•  text that states

  •  Photo of MHRC staff holding signs saying Accessibility Means to Me

  •  large group of people- view of the back of their heads

  •  Photo of Manitoba wheat field close up image

October 16, 2020

Important Update regarding COVID-19

As of October 19, 2020, the Manitoba Human Rights Commission’s Winnipeg and Brandon offices are not providing in-person services to the public in response to the COVID-19 pandemic. We can be reached by email, telephone or fax.  To speak with a Human Rights Officer, please contact us at hrc@gov.mb.ca or (204) 945-3007 or 1-888-884-8681 (Toll-free in Manitoba), or send us at fax at (204) 945-1292.  Because staff are working in-office on a rotational basis, there may be delays in response.  We appreciate your patience during this time.

March 17, 2020

Resources on COVID-19 and Discrimination

For information on COVID-19 and your human rights, please review our new Guideline and Factsheet.

April 8, 2020

MHRC releases principles on a human rights based approach to the COVID-19 pandemic

MHRC has released principles and actions to inform a human rights based approach to the COVID-19 pandemic.  For a copy of the report, please visit: http://www.manitobahumanrights.ca/v1/education-resources/resources/pubs/guidelines/covid19principles.pdf

2017 Annual Report | The Manitoba Human Rights Commission and Human Rights Adjudication Panel

Human Rights in Manitoba

The Manitoba Human Rights Commission is an independent agency of the Government of Manitoba. We are responsible for administering The Human Rights Code, the provincial law that protects individuals and groups from discrimination.

There are human rights laws in every province and territory across Canada and there is also a federal human rights law. These laws all promote the principle that we are entitled to be treated on the basis of our individual merit and should not be subjected to prejudice or stereotypes. These laws ensure that we have equality of opportunity and freedom from discrimination, principles found in the Universal Declaration of Human Rights and the Charter of Rights and Freedoms. They ensure that we are all treated on the basis of our own merit and not subjected to prejudice and stereotypes.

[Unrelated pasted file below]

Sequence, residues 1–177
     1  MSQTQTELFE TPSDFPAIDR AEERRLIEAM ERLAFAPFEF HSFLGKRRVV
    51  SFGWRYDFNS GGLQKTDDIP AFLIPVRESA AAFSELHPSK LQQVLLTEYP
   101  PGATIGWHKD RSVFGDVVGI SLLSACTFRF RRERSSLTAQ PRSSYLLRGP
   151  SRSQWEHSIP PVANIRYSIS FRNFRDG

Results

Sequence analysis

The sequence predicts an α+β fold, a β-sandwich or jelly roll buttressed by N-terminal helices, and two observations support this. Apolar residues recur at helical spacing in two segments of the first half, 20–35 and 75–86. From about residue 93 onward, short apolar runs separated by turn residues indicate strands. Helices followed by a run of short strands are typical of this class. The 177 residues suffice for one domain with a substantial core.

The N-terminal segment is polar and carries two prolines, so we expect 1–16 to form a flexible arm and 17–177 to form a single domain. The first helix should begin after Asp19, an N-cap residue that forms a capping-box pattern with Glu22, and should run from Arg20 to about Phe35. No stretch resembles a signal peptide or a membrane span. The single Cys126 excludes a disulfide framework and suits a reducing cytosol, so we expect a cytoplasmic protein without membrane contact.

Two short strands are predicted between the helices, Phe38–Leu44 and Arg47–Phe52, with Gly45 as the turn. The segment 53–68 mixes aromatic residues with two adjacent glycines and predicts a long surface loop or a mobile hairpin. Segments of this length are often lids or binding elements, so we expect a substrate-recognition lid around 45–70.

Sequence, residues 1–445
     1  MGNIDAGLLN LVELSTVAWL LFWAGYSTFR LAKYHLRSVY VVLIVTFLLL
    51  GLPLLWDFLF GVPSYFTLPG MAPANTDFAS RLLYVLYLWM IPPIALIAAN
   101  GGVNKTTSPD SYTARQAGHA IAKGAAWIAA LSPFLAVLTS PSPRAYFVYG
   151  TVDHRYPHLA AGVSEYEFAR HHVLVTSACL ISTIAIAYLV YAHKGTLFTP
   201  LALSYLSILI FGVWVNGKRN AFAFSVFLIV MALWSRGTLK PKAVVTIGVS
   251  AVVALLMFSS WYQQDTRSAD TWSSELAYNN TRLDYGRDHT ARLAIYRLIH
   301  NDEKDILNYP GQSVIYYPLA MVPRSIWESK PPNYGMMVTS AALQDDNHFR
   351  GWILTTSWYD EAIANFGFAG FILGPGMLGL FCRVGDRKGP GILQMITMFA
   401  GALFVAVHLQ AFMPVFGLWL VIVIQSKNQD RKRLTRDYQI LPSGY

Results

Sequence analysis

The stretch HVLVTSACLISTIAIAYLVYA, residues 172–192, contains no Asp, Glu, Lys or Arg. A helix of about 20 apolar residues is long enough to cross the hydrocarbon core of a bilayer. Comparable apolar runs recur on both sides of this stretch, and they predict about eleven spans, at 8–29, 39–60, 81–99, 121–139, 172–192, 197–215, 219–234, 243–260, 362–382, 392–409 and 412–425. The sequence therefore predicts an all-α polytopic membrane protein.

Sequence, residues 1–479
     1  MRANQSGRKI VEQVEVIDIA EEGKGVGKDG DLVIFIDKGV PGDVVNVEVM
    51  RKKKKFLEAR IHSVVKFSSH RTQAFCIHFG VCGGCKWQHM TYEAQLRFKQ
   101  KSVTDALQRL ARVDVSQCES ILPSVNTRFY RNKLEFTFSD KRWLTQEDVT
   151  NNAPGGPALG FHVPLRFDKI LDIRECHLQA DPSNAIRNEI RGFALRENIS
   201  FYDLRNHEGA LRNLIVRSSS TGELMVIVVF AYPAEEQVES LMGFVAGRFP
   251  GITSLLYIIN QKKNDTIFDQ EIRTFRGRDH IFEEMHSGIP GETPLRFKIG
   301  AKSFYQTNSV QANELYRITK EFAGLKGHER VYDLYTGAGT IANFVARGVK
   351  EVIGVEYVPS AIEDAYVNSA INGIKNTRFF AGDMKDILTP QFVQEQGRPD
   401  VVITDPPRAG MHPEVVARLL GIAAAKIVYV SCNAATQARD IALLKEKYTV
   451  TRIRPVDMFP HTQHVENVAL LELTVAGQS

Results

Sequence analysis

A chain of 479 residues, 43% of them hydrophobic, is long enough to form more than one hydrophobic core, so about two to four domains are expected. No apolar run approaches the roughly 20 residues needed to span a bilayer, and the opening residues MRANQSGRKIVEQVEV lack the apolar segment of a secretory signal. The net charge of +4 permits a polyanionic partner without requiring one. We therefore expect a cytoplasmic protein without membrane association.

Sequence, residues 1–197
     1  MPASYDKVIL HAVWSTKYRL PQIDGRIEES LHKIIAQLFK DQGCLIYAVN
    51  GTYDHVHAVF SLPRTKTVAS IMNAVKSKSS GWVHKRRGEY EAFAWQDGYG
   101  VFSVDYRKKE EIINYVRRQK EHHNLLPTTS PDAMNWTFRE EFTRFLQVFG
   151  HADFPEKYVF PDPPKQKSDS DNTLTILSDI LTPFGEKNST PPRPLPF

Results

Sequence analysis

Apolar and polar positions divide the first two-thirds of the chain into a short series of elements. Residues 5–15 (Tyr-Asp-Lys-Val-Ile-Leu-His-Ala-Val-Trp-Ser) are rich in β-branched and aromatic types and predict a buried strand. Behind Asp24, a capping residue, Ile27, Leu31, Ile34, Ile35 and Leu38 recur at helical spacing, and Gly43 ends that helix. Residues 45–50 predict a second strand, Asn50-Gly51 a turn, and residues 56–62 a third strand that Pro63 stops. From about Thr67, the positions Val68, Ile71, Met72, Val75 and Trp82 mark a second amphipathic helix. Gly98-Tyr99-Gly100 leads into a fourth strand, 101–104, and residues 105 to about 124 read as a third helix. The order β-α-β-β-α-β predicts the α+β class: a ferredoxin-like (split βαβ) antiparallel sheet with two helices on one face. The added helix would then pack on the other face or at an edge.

Discrimination is treating a person differently, to their disadvantage where it is not reasonable to do so on the basis of their:

  • ancestry, including colour and perceived race
  • nationality or national origin
  • ethnic background or origin
  • religion, religious belief, association or activity  
  • age             
  • sex, including pregnancy 
  • gender identity   
  • sexual orientation  
  • marital or family status
  • source of income
  • political belief, association or activity 
  • physical or mental disability
  • social disadvantage  

Discrimination demeans a person's individual worth and dignity and is prohibited in employment, services available to the public, contracts, and housing.


    Human Rights Seminars

    Learn more about sessions scheduled in your area.



    Learn more about things like discrimination against persons with disabilities who use service animals, discrimination on the basis of gender identity and the principles of reasonable accommodation.


    30 years of The Human Rights Code

    Read more about the human rights milestones over the last 30 years of The Human Rights Code in Manitoba.